Young Catholic Theologians: Report from the CTSA
Here at the annual convention of the Catholic Theological Society of America this weekend, the theme has been "Generations." For me, it has been an exhilarating weekend of hearing much theology, renewing many friendships, and again allowing gratitude for my colleagues and our shared vocation to make a slowly reconfiguring seep into my theological life and work. For the last decade or so, I have come away from each CTSA convention restored, energized, "re-directed" in the many senses one might imagine--not least because of the courage and creativity manifest in the theological life and work of my colleagues. And speaking of courage, Maureen O’Connell of Fordham University gave a courageous response to James Davidson of Purdue University, in the opening plenary session on Thursday night. Davidson presented what many sociologists consider to be theological similarities and differences between the pre-Vatican II, Vatican II, and post-Vatican II generations in United States Catholicism. In response, O’Connell, from the "post-Vatican II/Generation X" cohort of Catholic theologians, offered a carefully stated appreciation for this sociological approach, and then came a presentation of what to this point has only been discussed person-to-person or in small groups of young theologians: the generational shift in the expectations of and demands being made on young Catholic theologians; or stated another way, the changes in the formation, discipline, and management of young theologians--in particular, through the tenure process, which has mostly been saved from any type of theological analysis as it has shifted in the last decade and more. The shift is basically toward more and more intense and unrealistic (not to mention often poorly supported) pressure to publish, toward increasing service obligations without any real "credit" for pastoral work as a theologian, and toward less respect and "credit" for teaching that serves the mission of Catholic higher education; in all, and this is crucial, a widespread failure to appreciate *theologically* the complexities and challenges of a new generation of mostly lay theologians to make for themselves a career in Catholic theology today. While it is true that these shifts are often taking place most dramatically in the bigger and more "prominent" schools, those schools set the pace for almost everyone else, just as the pace for those prominent Catholic college and universities is often set by the secular schools with whom they compete for prestige. Thanks to O’Connell and her tying of the new awareness of pastoral realities in the work of young theologians to the problematizing of what counts as "making it" in the system today, the theme of the generational shift in the formation of young theologians ended up being an important theme of formal and informal conversations before, during, and after panels and papers over the weekend. I would relate the slow, awkward, and fairly uncomfortable emergence of this issue to another issue for Catholic theologians identified last year in Daniel Finn’s presidential address: the reluctance in contemporary Catholic theology to deal with power, including power relationships in our own settings. When Davidson had post-Vatican II theologians stand up together to show how underrepresented they are as a proportion of the CTSA attenders; when O’Connell made her brave presentation; when a Saturday panel of young moral theologians included exactly zero priests (reflecting the extraordinarily few young priests in moral theology); when there was an entire Friday panel devoted to theology and motherhood presented by lay women theologians; when so much of the substance of informal conversation (that I heard, anyway) this weekend, at least among younger theologians, was about tenure policies, family leave policies, salaries, debt, and many other elements that go into the deep shift toward lay women and men becoming the majority of Catholic theologians in the United States, this all tells of a shift in power on the theological landscape, one very complicated and only dimly understood, but whose dynamics were palpable this weekend. It is an exposure of new relations of force that need attention. The issue of the relations of power involved in the positioning of the identities of young Catholic theologians finally rose to the surface in the CTSA, and probably will not go away. How remarkable it would be if the CTSA (and the College Theology Society, as well) could conduct a self-study about generational differences in: experiences of the job market, salaries, cost of living, tenure processes, and academic culture, among other things. The now-substantial literature on the redefinition of academic labor over the last twenty years could now be joined to self-examination on the part of the Catholic theological academy. Davidson made a provocative point during his presentation, which has yet to be fully explored: that the differences among Catholic generations run deeper than differences according to ethnic-racial identity or gender among American Catholics. While further analysis is needed (and I have written about the limits of sociological studies of young Catholics, and have a forthcoming essay attempting a theological critique of such sociological approaches), insofar as Davidson is right, then attention to the specificity of generational experiences of becoming legitimized as a Catholic theologian, and a gainfully employed one, need to be addressed. We need to better understand how the new definitions and practices of academic labor, including in Catholic theology, help to produce ’legitimate,’ ’normal’ and ’successful’ Catholic theological identities. In a word, how might our Catholic academy practice a Catholic self-examination about the way young theologians are able to live and to work? Tom Beaudoin Miami, Florida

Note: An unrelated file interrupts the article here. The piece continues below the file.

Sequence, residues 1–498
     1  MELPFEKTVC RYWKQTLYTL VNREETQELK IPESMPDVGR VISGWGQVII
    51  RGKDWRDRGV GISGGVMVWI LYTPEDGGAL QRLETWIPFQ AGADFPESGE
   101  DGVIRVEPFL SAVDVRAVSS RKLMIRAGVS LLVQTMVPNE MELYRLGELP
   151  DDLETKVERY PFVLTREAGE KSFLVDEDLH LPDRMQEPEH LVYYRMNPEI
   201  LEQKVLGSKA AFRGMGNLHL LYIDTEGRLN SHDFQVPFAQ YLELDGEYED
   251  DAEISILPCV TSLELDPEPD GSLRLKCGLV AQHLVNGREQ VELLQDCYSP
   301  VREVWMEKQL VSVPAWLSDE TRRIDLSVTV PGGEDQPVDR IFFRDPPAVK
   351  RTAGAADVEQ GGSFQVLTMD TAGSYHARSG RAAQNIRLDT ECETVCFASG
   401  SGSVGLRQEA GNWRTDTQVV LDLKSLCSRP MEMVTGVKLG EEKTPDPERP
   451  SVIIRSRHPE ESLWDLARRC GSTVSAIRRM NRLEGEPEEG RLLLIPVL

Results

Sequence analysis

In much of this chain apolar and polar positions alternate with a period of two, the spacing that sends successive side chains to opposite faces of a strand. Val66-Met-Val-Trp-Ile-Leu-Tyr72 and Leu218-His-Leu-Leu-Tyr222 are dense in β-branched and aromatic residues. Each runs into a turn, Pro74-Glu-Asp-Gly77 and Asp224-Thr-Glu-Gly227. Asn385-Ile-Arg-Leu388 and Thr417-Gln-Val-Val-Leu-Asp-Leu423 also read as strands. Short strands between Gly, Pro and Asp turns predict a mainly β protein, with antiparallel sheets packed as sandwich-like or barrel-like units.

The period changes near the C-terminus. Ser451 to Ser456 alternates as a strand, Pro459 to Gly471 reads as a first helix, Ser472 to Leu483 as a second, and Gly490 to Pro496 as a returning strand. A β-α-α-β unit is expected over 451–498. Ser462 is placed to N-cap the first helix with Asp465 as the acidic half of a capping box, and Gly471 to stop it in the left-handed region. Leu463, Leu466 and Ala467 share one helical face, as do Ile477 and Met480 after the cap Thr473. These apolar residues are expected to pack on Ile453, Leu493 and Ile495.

Bobby Caina Calvan — Associated Press
James Martin, S.J.
Dawn Eden Goldstein
Nicole Winfield - Associated Press